Yes, we have native wasps in New Zealand!
Unfortunately we also have a handful of introduced social wasps. The introduced wasps prey on native invertebrates and create a nuisance (especially for people who are allergic to their stings). But our native wasps do not live together in colonies and they do not sting. They are parasitoid wasps: a very diverse and important group, and we are just beginning to unravel the complex relationships they have with other species here in New Zealand.
During my masters research I caught 61 species of parasitoid wasps from the group I was interested in (the Ichneumonidae). Fifty-six of these species are represented here. You’ll notice most are given a ‘first name’ and then ‘sp.#’ – This means we know the first name (the genus), and we know it is a species, but it is not yet described as a species. Most of our invertebrates are like this because there are so many species and so few people to describe and name them.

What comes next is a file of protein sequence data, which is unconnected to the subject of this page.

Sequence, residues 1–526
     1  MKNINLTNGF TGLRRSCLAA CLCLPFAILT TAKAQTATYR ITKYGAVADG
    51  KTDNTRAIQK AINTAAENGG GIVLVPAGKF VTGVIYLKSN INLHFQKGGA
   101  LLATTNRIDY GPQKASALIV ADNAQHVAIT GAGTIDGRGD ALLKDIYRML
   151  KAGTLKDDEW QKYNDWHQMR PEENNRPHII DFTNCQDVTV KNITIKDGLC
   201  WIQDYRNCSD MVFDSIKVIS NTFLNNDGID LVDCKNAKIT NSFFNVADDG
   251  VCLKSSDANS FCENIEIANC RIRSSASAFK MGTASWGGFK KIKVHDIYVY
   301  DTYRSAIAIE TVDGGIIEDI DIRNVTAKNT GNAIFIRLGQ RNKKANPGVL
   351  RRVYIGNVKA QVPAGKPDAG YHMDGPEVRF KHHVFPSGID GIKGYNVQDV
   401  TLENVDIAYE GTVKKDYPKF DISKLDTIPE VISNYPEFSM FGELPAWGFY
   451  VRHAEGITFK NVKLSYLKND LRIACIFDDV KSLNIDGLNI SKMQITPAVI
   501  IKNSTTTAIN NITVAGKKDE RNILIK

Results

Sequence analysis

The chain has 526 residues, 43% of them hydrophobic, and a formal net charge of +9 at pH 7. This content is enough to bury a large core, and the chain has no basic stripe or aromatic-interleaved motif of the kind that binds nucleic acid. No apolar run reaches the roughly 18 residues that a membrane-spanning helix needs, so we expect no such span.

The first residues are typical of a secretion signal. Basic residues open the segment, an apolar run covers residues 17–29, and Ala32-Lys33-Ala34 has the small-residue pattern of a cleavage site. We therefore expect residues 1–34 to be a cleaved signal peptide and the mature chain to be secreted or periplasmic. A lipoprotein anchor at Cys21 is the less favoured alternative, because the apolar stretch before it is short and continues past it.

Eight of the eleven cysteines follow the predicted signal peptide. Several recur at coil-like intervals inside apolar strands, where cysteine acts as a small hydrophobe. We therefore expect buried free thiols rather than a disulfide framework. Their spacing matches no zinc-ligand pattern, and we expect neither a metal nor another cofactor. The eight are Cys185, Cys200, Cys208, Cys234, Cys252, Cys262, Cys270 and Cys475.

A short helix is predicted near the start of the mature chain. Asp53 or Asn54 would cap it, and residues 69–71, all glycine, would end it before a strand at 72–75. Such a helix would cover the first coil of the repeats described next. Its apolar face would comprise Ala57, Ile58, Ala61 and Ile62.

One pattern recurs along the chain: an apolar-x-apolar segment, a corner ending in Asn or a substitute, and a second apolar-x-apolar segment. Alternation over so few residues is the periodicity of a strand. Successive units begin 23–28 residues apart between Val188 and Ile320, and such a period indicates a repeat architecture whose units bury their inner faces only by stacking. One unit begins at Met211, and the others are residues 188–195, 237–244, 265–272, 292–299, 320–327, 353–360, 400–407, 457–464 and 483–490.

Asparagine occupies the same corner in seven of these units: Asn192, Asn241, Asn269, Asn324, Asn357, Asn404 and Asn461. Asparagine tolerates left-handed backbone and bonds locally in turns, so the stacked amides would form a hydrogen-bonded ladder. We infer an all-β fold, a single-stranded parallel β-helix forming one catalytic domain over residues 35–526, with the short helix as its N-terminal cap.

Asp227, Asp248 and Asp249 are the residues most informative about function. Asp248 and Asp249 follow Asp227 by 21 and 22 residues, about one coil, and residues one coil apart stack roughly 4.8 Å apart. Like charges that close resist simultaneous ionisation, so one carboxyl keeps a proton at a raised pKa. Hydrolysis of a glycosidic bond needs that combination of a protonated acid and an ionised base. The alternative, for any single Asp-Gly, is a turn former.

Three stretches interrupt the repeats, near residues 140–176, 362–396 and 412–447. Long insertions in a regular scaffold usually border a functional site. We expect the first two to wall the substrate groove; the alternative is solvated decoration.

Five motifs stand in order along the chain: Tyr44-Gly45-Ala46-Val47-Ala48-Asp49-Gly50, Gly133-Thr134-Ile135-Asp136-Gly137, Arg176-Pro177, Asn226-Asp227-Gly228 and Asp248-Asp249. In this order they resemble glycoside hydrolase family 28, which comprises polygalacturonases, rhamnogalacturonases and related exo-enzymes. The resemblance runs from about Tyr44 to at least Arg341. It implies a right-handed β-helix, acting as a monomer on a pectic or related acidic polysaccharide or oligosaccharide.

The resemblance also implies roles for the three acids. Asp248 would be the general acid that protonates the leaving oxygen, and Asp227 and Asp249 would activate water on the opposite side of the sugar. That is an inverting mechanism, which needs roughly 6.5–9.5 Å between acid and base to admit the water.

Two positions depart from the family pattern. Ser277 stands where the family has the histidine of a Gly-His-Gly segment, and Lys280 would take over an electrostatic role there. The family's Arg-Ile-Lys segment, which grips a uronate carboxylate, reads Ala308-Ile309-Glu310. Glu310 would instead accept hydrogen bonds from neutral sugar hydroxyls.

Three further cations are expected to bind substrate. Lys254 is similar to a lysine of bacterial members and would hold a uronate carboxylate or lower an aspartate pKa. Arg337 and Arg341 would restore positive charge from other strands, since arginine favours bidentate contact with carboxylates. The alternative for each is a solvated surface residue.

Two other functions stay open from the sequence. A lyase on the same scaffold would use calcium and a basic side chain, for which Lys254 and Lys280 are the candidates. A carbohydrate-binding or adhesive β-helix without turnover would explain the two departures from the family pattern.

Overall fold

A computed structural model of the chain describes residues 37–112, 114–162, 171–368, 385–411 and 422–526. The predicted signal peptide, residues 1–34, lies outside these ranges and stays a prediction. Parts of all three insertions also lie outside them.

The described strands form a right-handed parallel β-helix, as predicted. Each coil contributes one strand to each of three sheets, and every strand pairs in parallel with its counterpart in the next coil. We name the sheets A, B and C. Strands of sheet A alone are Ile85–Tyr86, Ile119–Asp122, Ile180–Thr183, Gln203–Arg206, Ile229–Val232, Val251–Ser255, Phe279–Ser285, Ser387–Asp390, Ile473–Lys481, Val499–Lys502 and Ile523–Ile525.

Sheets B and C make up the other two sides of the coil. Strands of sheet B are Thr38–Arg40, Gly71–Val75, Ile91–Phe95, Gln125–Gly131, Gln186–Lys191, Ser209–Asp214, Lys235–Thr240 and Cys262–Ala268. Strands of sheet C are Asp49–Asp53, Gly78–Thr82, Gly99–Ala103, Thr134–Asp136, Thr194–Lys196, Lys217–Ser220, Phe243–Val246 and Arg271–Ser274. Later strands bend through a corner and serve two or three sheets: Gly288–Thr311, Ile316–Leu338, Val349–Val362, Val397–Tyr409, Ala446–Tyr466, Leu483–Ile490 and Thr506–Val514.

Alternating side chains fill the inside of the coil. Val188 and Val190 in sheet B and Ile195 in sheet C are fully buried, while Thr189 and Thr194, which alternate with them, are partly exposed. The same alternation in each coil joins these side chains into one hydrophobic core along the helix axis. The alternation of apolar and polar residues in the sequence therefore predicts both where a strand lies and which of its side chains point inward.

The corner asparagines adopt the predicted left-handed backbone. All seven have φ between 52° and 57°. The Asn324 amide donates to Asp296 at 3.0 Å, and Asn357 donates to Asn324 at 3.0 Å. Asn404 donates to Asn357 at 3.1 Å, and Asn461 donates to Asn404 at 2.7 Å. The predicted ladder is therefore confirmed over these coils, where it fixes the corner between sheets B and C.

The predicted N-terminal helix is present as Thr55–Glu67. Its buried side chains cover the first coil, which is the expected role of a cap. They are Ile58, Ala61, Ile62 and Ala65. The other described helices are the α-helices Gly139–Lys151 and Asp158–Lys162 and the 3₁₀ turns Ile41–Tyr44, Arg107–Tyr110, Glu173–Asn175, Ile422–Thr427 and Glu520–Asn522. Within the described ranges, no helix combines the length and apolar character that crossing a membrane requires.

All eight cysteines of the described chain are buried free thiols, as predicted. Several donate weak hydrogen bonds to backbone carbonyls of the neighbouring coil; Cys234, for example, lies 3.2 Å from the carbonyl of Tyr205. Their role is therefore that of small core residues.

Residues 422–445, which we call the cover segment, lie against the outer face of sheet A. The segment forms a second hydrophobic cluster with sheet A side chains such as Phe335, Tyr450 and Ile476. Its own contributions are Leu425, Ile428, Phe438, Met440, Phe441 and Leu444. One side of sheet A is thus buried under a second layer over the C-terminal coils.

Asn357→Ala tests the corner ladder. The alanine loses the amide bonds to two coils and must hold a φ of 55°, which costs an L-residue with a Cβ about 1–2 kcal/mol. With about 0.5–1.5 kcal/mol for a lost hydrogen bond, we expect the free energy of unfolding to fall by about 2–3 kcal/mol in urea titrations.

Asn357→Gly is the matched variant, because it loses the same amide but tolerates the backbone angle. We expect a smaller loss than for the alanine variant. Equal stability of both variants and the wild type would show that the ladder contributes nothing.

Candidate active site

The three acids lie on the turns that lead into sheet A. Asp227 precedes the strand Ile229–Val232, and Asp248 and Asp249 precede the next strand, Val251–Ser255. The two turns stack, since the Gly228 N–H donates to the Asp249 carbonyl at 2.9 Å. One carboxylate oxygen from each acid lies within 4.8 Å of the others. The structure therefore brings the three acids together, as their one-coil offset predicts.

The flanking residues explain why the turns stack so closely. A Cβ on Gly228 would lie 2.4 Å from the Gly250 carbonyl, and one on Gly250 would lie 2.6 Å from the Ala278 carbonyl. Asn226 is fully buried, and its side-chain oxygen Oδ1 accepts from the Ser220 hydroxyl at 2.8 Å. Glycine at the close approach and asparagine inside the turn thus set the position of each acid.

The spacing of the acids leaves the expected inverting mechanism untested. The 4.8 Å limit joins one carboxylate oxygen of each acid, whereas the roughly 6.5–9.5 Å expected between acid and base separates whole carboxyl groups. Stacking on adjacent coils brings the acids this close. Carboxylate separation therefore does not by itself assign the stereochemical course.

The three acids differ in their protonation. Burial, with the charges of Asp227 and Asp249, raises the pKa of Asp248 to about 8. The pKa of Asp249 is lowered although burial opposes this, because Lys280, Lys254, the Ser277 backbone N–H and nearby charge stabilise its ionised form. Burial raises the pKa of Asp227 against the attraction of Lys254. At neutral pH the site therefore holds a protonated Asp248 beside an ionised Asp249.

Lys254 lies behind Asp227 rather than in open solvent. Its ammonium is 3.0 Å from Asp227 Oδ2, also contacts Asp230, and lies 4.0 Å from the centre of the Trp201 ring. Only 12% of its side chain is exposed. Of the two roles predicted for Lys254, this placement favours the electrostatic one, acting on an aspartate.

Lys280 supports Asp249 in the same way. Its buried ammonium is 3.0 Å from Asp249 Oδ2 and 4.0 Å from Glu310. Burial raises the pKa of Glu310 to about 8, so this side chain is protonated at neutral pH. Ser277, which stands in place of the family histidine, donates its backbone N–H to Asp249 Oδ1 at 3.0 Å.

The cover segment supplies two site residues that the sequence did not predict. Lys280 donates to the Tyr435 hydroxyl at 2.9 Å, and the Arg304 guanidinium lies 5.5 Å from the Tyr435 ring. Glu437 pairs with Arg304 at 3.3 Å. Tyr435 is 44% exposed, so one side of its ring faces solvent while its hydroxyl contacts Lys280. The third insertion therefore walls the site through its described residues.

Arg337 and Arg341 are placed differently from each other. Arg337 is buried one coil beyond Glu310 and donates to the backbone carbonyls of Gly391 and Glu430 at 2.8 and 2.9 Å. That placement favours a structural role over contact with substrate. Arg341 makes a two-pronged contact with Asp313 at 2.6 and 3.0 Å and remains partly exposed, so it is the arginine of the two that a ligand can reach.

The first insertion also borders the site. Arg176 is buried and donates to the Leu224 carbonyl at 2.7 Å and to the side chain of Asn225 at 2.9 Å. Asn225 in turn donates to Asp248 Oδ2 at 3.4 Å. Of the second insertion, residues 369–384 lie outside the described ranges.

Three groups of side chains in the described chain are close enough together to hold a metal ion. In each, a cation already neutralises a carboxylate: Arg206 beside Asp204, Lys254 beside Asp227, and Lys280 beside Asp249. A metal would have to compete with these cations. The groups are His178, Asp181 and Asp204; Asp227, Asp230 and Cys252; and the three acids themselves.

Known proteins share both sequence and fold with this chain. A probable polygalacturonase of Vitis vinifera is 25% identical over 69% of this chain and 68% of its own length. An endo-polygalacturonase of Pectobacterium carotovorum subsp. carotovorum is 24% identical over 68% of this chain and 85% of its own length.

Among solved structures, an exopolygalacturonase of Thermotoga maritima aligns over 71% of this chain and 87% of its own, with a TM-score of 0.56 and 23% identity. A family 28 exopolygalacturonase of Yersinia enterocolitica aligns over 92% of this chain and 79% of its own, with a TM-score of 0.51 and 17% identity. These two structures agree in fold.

“What? Native wasps?” I hear you say. Yes, thousands of them! And they don’t sting!
I was interviewed on Radio New Zealand’s ‘Our Changing World Programme’ by Alison Ballance. We chatted about our misunderstood parasitoid wasps, my masters research, and the value of taxonomy. You can check out the interview here. Happy listening!